A 62-year-old survivor of a massacre at the Bosnian Muslim enclave of Srebrenica has told a U.N. court how he played dead and stumbled across a field of bloody corpses after Serb soldiers gunned down columns of refugees.
In the gripping testimony at the genocide trial of Serb Gen. Radislav Krstic, the witness detailed how he escaped the Branjevo farm massacre where he figured up to 1,500 people were executed in July 1995.
"They mowed them down and they fell to the ground," said the witness, whose identity was concealed. "You could hear the bullets hitting the bodies ... the air was filled with dust."
Other refugees who survived the execution and tried to flee were hunted down and murdered, he added.
Toward the end of the 1992-95 Bosnian war, Serb forces broke through U.N. defense posts surrounding the enclave and slaughtered at least 7,500 Muslim men and boys, prosecutors say.
Krstic's indictment alleges that he headed the Bosnian Serb army's Drina Corps, which carried out the slaughter. He has been charged with genocide, war crimes, crimes against humanity and grave breaches of the Geneva Conventions.
Krstic, who has pleaded innocent, could spend the rest of his life in jail if found guilty.
The witness testified as the trial, which began March 13, completed its fourth week. Earlier testimony has come from other massacre survivors, forensic experts and U.N. peacekeepers.
The witness said he was held with a group of about 250 men and boys in a tiny room near the town of Pilica, where detainees as old as 80 years old were starved, beaten, killed and intimidated by a handful of Serb soldiers.
"They threw bread crumbs at the people," he said. "One man drank his own urine."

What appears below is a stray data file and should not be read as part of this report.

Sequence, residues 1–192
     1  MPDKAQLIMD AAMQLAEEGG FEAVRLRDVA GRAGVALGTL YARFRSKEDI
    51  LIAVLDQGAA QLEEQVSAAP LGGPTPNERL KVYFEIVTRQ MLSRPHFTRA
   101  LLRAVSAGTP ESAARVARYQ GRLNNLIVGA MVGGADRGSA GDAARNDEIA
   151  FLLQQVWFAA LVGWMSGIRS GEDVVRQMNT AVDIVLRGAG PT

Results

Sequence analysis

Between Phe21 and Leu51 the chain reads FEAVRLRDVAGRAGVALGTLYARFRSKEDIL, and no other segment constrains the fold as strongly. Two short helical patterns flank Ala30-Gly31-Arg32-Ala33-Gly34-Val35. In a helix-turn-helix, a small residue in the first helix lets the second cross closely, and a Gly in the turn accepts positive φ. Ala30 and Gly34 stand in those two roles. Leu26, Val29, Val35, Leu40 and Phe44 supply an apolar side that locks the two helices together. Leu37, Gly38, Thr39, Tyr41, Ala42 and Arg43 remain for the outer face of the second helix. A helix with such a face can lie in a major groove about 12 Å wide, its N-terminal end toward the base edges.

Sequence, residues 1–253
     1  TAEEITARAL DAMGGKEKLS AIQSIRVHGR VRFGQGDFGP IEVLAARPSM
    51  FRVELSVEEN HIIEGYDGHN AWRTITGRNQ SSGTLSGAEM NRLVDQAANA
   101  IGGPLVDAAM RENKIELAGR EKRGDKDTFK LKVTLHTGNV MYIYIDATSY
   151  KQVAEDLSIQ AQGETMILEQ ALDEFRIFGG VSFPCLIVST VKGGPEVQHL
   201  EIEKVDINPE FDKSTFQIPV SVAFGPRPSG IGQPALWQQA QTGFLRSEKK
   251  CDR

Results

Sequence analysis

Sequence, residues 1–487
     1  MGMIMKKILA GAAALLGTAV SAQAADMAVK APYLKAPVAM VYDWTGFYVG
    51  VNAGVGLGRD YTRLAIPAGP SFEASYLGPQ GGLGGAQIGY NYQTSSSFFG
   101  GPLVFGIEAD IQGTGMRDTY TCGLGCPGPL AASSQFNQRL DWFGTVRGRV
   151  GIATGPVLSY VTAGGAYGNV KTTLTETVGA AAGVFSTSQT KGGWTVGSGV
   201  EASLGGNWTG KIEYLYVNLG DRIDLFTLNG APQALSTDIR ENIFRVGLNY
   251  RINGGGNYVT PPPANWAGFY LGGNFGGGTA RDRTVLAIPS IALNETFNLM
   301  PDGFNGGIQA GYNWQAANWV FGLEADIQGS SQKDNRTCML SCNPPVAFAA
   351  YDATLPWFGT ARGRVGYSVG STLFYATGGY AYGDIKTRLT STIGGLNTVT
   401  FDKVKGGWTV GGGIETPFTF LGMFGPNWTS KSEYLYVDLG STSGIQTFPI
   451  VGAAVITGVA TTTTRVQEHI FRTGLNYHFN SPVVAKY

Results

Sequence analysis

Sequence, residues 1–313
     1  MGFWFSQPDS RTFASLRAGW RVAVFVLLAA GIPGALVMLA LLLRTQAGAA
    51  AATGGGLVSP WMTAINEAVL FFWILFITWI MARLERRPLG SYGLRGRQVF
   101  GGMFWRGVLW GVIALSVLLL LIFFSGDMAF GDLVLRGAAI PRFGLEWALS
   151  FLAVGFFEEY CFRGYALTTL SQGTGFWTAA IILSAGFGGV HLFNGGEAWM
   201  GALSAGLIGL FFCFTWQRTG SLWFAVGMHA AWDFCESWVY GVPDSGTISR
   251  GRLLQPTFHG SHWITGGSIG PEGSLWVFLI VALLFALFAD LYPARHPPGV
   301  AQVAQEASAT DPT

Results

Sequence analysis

The men were bound and driven by bus to the site of a military agricultural center known as Branjevo farm, where a Serb soldier led an execution squad.
"We were ordered to turn our backs and lined up ... then he ordered us to lie down and, at that moment, a burst of fire came," he said.
Grazed by a bullet, the witness lay quietly among the dead, while executioners finished off those still breathing.
"One said: I'm still alive, kill me," the witness said, adding that the man was killed with a single bullet through the head.
The witness said he remained motionlesally killed.
"I estimate between 1,000 and 1,500 were dead when the shooting stopped," he said. "One man tried to flee, because he preferred a bullet in the back than genocide."
Just before escaping through the woods, he claimed to have heard a Serb soldier saying: "We have committed genocide ... like in 1941."
Earlier, the most senior Bosnian war crimes suspect in custody, Momcilo Krajisnik, pleaded innocent to genocide and other mass atrocities in his first public appearance since his arrest by NATO troops.
Krajisnik, 55, is close associate of former Bosnian Serb leader Radovan Karadzic, who is also wanted by the tribunal for genocide, war crimes and crimes against humanity.
Prosecutors consider Krajisnik and Karadzic masterminds of the "ethnic cleansing" campaigns that killed thousands of civilians and sent multitudes of non-Serbs fleeing from wide swaths of northern and eastern Bosnia that now form part of the Bosnian Serb Republic.
The Yugoslav war crimes tribunal was established seven years ago by the U.N. Security Council to prosecute those responsible for atrocities in the Balkans following the disintegration of Yugoslavia in 1991. It has handed down sentences of up to 45 years to 14 Serb, Muslim and Croat defendants.
Krajisnik is the most senior figure among the nearly 40 suspects in the tribunal's custody, which include three Bosnian Serb generals blamed for some of the worst atrocities in the war. Still at large are the wartime Bosnian Serb military chief, Ratko Mladic, Yugoslav President Slobodan Milosevic and dozens of other predominantly Serb suspects.